By: Archer K Hill II
This summer semester a group of Miami University undergraduate and graduate students will embark upon the adventure of a lifetime. From May 31 to June 23 the Institute for the Environment and Sustainability (IES), led by Dr. Jonathan Levy, is running its annual study abroad trip to Zambia. Students will be based just outside the capital of Lusaka, but will have opportunities to travel throughout the geographically diverse nation for study and exploration—including a trip to the natural wonder of Victoria Falls.
Zambia—a landlocked, south-central African country and former British colonial possession—is, relatively speaking, one of the more peaceful and stable countries in sub-Saharan Africa. In fact, it’s one of the few countries in the region that has never been to war since its independence in 1964. It is also the largest producer of copper in Africa, and exports this essential commodity around the globe. Despite this, Zambia experiences significant economic strife and inequality that is very closely related to its history, and more specifically to its reliance on copper mining as a primary export and mode of production.
Over the course of the program, students will partake in a number of different environmental and social research areas—in particular, they will focus on issues directly related to the availability and quality of water supply that are all-too-familiar in many underdeveloped countries. They will also be taking soil and air samples, which are useful to get an idea of the state of the environment in various regions of the country, especially as it relates to the effects of extensive mining.
Sarah Wayman, an IES master’s student with a background in geology, is one of those who will make the journey to Zambia for this study abroad adventure. She agreed to answer a few questions about the research she will carry out and her expectations for the trip.
Tell me a bit about the Zambia trip: what it is, who’s going, what is/are the objective(s)?
The trip is taking place this summer for about three weeks. People going on the trip are a mix of undergraduate and graduate Miami University students. When we are in Zambia we are going to partake in a number of different activities. These include water sampling, soil sampling, air sampling and conducting interviews with locals.
What sort of research will the group be doing? What will your focus be?
We will be using different research techniques. In the past, Kabwe, Zambia was home to mining activity. Due to the mining, the town was exposed to contamination. We will be sampling different media and seeing how it has been impacted by the mine. I will be focusing on air and soil sampling. We will be setting up a few PurpleAir sensors. This will allow us to understand their air quality. I will also be taking soil samples to analyze the presence of different metals in the soil.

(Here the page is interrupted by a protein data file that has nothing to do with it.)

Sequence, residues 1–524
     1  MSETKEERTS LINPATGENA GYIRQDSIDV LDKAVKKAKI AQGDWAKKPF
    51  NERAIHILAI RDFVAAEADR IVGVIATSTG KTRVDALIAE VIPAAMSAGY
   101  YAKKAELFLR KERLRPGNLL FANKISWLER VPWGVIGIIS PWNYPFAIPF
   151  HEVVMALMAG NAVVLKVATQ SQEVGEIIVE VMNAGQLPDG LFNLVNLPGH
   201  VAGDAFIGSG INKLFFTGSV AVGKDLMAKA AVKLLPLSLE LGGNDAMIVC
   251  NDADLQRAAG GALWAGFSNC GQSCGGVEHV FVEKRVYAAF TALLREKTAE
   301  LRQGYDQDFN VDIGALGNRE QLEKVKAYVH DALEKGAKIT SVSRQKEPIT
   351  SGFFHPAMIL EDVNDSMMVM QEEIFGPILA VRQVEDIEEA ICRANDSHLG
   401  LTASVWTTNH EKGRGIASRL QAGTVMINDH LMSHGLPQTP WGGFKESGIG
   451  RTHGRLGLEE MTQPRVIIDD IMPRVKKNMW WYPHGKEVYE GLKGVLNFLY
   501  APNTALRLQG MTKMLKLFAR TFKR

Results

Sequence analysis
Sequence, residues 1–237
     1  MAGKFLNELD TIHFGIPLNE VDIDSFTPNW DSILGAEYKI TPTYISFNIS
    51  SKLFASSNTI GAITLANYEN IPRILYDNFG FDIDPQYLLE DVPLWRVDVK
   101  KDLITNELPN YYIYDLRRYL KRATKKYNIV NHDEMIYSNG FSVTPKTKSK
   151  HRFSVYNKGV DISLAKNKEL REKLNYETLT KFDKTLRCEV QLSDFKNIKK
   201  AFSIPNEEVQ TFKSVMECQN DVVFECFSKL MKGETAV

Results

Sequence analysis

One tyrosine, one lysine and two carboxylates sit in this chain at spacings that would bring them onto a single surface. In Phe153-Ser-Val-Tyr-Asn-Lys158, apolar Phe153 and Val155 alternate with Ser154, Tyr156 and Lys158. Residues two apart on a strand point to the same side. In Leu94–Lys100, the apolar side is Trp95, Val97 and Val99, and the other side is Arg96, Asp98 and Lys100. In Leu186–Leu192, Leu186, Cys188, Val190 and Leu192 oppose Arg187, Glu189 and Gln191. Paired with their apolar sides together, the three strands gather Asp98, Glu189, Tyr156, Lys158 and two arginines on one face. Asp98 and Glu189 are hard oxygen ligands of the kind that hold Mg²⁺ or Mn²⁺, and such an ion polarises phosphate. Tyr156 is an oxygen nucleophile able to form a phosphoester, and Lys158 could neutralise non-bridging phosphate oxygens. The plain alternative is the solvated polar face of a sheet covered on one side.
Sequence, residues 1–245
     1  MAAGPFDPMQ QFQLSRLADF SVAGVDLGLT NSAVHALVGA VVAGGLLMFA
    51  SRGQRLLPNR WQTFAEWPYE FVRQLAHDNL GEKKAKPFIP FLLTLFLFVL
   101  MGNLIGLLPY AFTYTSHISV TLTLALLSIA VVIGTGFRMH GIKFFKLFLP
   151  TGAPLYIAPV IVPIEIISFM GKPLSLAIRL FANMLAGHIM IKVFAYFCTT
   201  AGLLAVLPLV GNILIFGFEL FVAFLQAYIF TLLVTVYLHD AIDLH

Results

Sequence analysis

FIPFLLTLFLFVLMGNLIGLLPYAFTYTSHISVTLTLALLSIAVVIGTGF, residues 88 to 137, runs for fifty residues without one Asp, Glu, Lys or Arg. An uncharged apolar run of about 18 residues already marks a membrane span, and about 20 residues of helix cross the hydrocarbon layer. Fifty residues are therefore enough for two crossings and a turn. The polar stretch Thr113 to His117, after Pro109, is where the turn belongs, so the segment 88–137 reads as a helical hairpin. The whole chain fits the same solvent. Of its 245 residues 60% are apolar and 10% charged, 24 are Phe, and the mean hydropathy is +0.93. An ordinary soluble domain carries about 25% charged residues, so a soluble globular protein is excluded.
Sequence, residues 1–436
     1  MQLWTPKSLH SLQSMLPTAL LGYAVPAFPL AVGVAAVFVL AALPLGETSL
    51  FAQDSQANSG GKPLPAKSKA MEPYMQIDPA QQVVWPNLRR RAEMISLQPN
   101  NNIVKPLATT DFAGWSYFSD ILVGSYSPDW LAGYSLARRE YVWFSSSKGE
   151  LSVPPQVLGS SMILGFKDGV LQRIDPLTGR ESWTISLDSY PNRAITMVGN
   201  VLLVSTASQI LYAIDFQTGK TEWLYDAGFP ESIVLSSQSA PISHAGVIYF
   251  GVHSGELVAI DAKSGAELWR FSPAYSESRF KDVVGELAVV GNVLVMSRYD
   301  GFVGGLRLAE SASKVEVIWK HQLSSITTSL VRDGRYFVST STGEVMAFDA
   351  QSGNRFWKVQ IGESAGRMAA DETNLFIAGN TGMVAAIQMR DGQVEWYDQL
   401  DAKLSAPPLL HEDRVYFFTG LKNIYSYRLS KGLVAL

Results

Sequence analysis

What inspired you to want to partake?
I have always been interested in traveling. Whenever I am offered a chance to experience a part of the world, I take it. I am also excited about the opportunity to contribute to research intended to better understand contamination levels, why this is the case and how it can be remediated.
Is this your first study abroad/international experience? If not, where else have you been?
I studied abroad in Bhutan during my undergraduate. Bhutan is a very small country (less than the population of Columbus, Ohio). I enjoyed getting to see and experience a new culture. I stayed in Bumthang, Bhutan. During my stay I was put outside of my comfort zone because Bumthang is very rural, and most days we did not have hot water or electricity. I learned to embrace new experiences that are different than what I am used to.
What are you hoping to take away from this experience?
I am hoping to learn new things about Zambia and maybe what a typical day would be like for someone that lives in Zambia. I am also hoping to experience their culture.
Will you be collaborating with local Zambians?
Yes, we will be working with scientists and researchers. I am hoping to gain insight and expertise about different topics such as lead contamination, sampling and general knowledge about Zambia. We will also be working with the local population. I hope to gain knowledge about their lives and what it is like to live there.
Are you ready for the culture shock? What sort of things have you done to prepare?
I feel that I am ready for potential culture shock. I am in a class with Dr. Levy where we discuss life in Zambia and what we will be doing. In this class we have had a number of guest lecturers and we have watched documentaries to give us an idea of what we might be experiencing. A good amount of people in that class will be going as well. I feel that experiencing new cultures with fellow students helps to adjust to the new experiences and culture shock.
Photo via Wikimedia Commons